Principles of Moral Thought and Action
Written by: Anna Akasoy
Shiite legal scholars also use the same set of methods as their Sunni colleagues. Both, for example, addressed the challenge of authenticating prophetic traditions by examining the reliability of the transmitters and whether they could have been in touch with each other. The 'science of men', as these biographical studies are referred to, led to the composition of bio-bibliographical compendia of scholars.
The methods of the Shiite legal tradition were inspired by Sunni developments in theology and law that took place in the vibrant intellectual climate of 9th-century Baghdad, some of which did not survive in Sunni Islam. One of these trends was speculative theology (kalam), practiced in its more rationalist form by the Mutazilites who often had Shiite leanings. While Mutazilism eventually died out, its principles and doctrines (such as free will or divine justice) had a great impact on Shiite theology and law. One of the methods of coming to a legal decision is that of making an independent effort (ijtihad) instead of simply endorsing an already existing view. In practice, Muslim legal scholars had to apply this principle whenever they were faced with a new situation. But while the 'door of ijtihad' was considered closed by Sunni scholars as early as the 11th century, the principle was endorsed by Shiites since the scholar the Allama al-Hilli.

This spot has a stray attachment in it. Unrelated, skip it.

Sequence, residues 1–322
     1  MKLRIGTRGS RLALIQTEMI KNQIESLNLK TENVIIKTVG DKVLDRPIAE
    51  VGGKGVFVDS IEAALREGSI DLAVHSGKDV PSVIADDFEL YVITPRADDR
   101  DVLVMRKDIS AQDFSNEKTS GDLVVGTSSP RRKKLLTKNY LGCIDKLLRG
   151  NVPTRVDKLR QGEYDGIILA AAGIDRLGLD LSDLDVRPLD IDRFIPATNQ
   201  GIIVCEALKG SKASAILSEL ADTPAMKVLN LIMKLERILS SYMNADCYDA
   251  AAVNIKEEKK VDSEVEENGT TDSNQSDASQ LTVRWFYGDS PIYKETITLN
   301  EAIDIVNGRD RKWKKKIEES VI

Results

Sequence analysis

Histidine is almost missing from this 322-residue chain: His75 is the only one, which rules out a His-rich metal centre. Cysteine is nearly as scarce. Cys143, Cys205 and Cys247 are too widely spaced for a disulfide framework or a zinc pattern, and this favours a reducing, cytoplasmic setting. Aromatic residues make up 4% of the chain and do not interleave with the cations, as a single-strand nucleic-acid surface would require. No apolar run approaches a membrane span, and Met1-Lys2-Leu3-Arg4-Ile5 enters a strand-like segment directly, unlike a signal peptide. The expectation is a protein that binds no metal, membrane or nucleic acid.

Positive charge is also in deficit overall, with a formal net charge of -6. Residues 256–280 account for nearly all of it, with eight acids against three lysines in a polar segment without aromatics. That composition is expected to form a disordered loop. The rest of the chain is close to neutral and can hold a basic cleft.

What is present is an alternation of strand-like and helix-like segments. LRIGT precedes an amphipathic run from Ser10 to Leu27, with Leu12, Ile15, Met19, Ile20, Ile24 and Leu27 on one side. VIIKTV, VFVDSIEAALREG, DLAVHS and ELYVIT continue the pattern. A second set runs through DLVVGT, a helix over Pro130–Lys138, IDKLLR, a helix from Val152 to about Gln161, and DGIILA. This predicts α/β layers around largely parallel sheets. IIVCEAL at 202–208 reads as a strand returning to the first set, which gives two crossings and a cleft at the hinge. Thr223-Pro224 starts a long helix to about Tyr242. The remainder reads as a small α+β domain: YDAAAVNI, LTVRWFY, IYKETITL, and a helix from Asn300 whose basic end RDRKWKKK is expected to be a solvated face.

Another crucial struggle concerning methods took place in the Safavid period between the Akhbaris, who accepted only the word of the Quran and the traditions of the Prophet and the Imams, and the Usulis, who promoted ijtihad. They also clashed over what the Akhbaris regarded was a too close relationship between the Usulis and the rulers. With the increasing power of the scholars the Safavid Shah turned more and more into a secular ruler with merely political authority.
Important examples for morality and commitment are the martyrs of Karbala. The prominence of the martyrdom theme in Shiite religious and political language—as exemplified not least during the Iran-Iraq war—has led some observers to suggest that suicide missions as we are seeing them in the modern world, are employed by Shiites rather than Sunnis. While martyrdom may have played an important role in Iranian political propaganda before the theme became popular elsewhere, suicide attacks can now be found invariably in Sunni and Shiite communities, but remain a strategy endorsed by small minorities.
1. How does the esoteric interpretation of sacred texts affect the development of the Shiite morality?
2. What is antinomianism and how has it been expressed in Shiite communities?
3. What example do the martyrs of Karbala give to Shiite ethics?